Where in the world do you start? It’s easiest to hire a wardrobe coach (me!), and I’ll walk you through everything and I won’t judge. 🙂 If you’re not ready for that, or want to risk it, I mean a total DIYer, here are some things I look for when assessing a wardrobe:
- Are the items working for you?
- Are they the right colors for you?
- Are they still in style?
- Is there still life in the piece?
So you want to tackle the DIY wardrobe on your own? Use the above questions and add these:
- Is this beneficial to my life right now?
- Why am I holding on to this? Short of having a Venn diagram, if it doesn’t fit, donate it. If you are actively working on losing weight, then you should hang on to it. But if you’re been this weight for at least a year (Having had a baby in the last year doesn’t count) or longer, get rid of the visual baggage. Either donate it, or store it. If you haven’t gone through that tote in a year, you either need to reevaluate whether you are actually going to lose weight or if you are going to donate. Sometimes it’s HARD to be honest with ourselves. Please give yourself grace, dear one, but if you WANT to make changes to your appearance, having items that are not helping you right now are NOT helping you. They are a hindrance. The other BIG thing I work through with my clients is self-image. We all have things we want to change, but if you don’t love yourself for who you are RIGHT NOW, those changes are less likely to help. Having clothes staring your down (dare I say, taunting you) every morning is like a slap in the face for the woman you are not. It makes you long for that woman that you were.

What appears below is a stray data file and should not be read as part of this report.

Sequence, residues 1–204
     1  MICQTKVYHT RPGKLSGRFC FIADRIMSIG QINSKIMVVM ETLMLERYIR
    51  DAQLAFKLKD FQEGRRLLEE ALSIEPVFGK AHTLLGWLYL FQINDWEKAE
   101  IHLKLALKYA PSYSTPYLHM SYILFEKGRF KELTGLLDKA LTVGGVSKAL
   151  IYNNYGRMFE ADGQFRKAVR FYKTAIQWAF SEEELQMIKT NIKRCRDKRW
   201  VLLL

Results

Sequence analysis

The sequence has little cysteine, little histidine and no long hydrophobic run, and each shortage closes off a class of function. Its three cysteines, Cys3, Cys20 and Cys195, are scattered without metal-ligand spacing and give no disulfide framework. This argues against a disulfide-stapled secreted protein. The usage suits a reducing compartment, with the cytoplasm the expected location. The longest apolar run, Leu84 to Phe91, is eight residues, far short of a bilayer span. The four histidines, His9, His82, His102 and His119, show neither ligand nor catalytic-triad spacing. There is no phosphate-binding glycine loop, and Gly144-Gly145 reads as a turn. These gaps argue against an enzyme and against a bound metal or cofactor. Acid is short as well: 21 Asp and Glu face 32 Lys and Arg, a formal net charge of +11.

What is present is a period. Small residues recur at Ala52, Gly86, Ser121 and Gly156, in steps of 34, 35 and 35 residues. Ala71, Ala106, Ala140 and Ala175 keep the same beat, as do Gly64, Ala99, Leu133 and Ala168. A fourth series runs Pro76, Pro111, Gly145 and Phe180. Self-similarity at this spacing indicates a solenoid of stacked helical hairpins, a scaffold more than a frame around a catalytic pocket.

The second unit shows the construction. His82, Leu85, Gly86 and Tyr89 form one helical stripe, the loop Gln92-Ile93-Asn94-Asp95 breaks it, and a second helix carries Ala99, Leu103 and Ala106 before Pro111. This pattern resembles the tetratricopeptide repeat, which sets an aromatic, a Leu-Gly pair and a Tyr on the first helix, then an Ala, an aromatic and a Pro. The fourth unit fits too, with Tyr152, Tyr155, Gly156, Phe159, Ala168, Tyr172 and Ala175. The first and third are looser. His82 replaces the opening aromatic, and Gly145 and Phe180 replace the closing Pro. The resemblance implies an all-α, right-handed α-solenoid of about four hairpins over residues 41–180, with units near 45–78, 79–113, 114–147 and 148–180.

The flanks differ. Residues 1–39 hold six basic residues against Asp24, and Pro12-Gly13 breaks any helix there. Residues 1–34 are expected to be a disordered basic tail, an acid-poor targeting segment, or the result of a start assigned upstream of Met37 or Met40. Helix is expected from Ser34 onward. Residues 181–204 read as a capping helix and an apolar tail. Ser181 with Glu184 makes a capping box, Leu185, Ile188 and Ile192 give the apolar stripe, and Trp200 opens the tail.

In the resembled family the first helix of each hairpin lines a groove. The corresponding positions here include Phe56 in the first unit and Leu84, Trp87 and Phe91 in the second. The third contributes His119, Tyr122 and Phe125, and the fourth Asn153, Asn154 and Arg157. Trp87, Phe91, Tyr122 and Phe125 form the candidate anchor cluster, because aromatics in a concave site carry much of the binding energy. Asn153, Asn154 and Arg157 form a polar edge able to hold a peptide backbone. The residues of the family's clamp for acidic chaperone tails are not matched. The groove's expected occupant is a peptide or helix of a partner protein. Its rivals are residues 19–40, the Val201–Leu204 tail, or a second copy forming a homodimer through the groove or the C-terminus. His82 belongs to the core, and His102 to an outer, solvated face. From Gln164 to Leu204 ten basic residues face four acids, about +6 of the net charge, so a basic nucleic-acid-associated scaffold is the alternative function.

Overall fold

- Do I love this? Sometimes this can backfire, if you don’t have a stylist working with you. But I trust that you’ll make good decisions.
Start one pile of clothes that don’t fit. Get rid of them.
Next pile, clothes that need mending or have holes. Are you ACTUALLY going to mend them? I didn’t think so. Gone.